UC Berkeley researchers have previously presented a unique label-free method to detect biomolecular binding based on impedance changes using microparticles or nanoparticles in microfluidic channels. This method requires no florescent labeling of analyte and allows a simple readout at a given frequency. This demonstrated microfluidic integration of the nanocavity system is also advantageous, allowing easy introduction of analyte solution and measurement buffer. Because the detection technique is essentially label-free and just depends on the specific binding of anibody-antigen, DNA-DNA, DNA-RNA, DNA-protein, antibody-small molecule, or antibody-cell, this invention could be used to diagnose virtually any disease.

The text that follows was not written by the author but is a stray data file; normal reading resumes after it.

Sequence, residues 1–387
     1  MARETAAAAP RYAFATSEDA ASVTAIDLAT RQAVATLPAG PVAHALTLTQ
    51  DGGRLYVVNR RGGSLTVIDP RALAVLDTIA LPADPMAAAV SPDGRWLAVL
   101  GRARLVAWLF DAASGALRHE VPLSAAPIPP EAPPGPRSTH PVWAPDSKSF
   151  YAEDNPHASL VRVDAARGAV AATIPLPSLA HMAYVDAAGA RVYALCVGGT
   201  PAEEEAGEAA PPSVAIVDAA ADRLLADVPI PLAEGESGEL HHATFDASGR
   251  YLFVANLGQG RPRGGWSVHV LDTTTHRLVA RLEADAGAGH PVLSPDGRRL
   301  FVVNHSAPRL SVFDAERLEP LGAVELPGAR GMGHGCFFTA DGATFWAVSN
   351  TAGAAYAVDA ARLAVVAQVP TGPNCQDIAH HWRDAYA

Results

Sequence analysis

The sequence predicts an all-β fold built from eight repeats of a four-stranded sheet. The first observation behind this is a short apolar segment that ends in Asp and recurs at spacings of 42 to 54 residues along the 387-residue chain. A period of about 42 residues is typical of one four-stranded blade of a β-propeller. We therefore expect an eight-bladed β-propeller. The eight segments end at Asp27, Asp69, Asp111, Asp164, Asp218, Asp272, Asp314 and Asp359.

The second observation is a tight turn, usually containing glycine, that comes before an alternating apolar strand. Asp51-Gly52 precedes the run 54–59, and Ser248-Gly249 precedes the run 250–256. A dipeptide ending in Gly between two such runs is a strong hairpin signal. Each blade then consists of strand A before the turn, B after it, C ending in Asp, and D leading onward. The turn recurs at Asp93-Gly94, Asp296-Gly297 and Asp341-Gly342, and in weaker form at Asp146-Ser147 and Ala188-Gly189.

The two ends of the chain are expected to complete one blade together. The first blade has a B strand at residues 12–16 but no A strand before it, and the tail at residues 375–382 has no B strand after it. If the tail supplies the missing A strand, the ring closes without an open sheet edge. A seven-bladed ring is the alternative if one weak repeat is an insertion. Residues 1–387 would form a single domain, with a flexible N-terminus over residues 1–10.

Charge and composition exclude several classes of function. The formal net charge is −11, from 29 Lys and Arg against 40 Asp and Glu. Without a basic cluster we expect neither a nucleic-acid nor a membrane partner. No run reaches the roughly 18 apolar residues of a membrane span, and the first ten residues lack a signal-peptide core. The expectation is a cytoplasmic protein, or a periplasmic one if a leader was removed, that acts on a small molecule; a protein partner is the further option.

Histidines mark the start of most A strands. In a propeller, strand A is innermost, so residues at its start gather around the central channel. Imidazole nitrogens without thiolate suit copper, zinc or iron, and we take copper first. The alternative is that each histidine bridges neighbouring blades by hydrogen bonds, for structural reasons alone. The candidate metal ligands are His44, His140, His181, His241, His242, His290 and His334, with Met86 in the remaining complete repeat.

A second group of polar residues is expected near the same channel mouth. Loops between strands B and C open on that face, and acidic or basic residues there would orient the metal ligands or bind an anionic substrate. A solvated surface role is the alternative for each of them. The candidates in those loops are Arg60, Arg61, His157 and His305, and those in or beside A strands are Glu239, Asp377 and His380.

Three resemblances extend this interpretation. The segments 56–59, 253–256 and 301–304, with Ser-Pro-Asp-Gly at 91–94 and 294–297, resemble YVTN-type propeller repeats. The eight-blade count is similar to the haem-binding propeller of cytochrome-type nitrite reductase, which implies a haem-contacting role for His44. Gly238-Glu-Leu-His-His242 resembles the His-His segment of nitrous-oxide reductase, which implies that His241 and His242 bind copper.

Researchers at UC Berkeley have expanded upon this innovation to demonstrate the ability to sequentially load different sized and different types of beads into a microfluidic channel. This has numerous applications, including the ability to successively capture smaller and smaller beads that otherwise would be impossible to capture. In addition, the cells can be mechanically lysed.
On-chip control experiments
Sample preparation for diagnostics
Creates different layers of beads in a continuous column
Both different sized beads and different types of beads can be layered
Can capture beads down to 800 nm in diameter by purely physical means
Can perform multiple captures within a single channel
Could be used to diagnose virtually any disease
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